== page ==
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Research Papers

Reducing Overshoot in Human-Operated Flexible Systems

[+] Author and Article Information
Joshua Vaughan, Paul Jurek

George W. Woodruff School of Mechanical Engineering, Georgia Institute of Technology, Atlanta, GA 30332-0405

William Singhose

George W. Woodruff School of Mechanical Engineering, Georgia Institute of Technology, Atlanta, GA 30332-0405singhose@gatech.edu

J. Dyn. Sys., Meas., Control 133(1), 011010 (Dec 22, 2010) (10 pages) doi:10.1115/1.4002074 History: Received August 07, 2009; Revised March 01, 2010; Published December 22, 2010; Online December 22, 2010

Input shaping accomplishes vibration reduction by slightly increasing the acceleration and deceleration periods of the command. The increase in the deceleration period can lead to system overshoot. This paper presents a new class of reduced-overtravel input shapers that are designed to reduce shaper-induced overtravel from human-operator commands. During the development of these new shapers, an expression for shaper-induced overtravel is introduced. This expression is used as an additional constraint in the input-shaper design process to generate the reduced-overtravel shapers. Experiments from a portable bridge crane verify the theoretical predictions of improved performance. Results from a study of eight industrial bridge crane operators indicate that utilizing the new reduced-overtravel input shapers dramatically reduces task completion time, while also improving positioning accuracy.

Copyright © 2011 by American Society of Mechanical Engineers
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References

Figures

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Figure 1

The input-shaping process

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Figure 2

Overtravel during deceleration

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Figure 3

Overtravel and overshoot for unshaped and ZV-shaped commands

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Figure 4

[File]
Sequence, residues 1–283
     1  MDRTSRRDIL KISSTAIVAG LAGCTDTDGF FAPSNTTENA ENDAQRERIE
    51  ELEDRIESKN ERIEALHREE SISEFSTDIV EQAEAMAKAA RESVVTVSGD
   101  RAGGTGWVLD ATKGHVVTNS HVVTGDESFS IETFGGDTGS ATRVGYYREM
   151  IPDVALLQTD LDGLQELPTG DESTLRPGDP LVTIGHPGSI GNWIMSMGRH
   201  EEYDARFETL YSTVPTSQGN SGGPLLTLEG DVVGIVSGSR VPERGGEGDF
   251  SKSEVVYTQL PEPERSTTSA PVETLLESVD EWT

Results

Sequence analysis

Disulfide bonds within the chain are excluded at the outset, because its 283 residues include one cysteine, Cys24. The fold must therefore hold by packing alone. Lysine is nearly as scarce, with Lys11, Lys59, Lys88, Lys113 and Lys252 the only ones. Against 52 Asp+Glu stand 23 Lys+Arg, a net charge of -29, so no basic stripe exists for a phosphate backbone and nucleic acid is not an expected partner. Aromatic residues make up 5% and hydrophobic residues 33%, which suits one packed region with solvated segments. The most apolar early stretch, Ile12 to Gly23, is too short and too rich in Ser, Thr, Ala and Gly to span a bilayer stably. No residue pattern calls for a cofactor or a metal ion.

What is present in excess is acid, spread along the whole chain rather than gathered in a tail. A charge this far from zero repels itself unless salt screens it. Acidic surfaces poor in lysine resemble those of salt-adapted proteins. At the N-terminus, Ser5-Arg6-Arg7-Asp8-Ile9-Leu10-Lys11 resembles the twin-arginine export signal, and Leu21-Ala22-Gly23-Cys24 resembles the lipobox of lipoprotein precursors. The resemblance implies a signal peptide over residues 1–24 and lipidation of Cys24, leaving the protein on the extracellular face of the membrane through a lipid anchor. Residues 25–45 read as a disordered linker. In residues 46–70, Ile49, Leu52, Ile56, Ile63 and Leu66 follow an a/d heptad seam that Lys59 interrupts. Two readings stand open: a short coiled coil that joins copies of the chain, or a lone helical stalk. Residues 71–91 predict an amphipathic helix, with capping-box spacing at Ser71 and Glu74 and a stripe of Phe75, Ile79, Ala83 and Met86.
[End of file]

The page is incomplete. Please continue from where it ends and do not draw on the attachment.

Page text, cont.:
Diagram of trolley overtravel and payload overshoot

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Figure 5

Shaper overtravel beyond the unshaped command

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Figure 6

Normalized overtravel of common shapers

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Figure 7

Industrial bridge crane at Georgia Tech

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Figure 8

Overtravel and overshoot as a function of ramp time: (a) trolley overtravel; (b) payload overshoot

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Figure 9

Simulation responses to unshaped and ZV-RO velocity profiles

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Figure 10

Overtravel and overshoot from unshaped and ZV-RO shaped commands as a function of ramp time: (a) trolley overtravel; (b) payload overshoot

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Figure 11

ZV-RO shaper sensitivity curve

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Figure 12

Sensitivity curves of two SI-RO shapers

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Figure 13

Crane responses to SI-RO commands: (a) trolley; (b) payload

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Figure 14

Crane responses to ZV-RO and SI-RO commands with 20% error in design frequency

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Figure 15

Portable bridge crane

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Figure 16

Experimental overtravel and overshoot from unshaped commands

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Figure 17

Experimental overtravel and overshoot from SI-RO [I(5%)=0.06] Commands: (a) trolley overtravel; (b) payload overshoot

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Figure 18

Crane operator positioning task layout

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Figure 19

Straight line trial without input shaping

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Figure 20

Straight line trial with ZV shaping

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Figure 21

Straight line trial with ZV-RO shaping

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Figure 22

Average completion time for straight-line trials

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Figure 23

Average positioning error for straight-line trials

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Figure 24

Average number of button pushes for straight-line trials

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Figure 25

Obstacle course trial without input shaping

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Figure 26

Obstacle course trial with ZV shaping

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Figure 27

Obstacle course trial with ZV-RO shaping

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Figure 28

Obstacle course trial with ZV-ZO shaping

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Figure 29

Average completion time for obstacle trials

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Figure 30

Average positioning error for obstacle trials

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Figure 31

Average number of button pushes for obstacle trials

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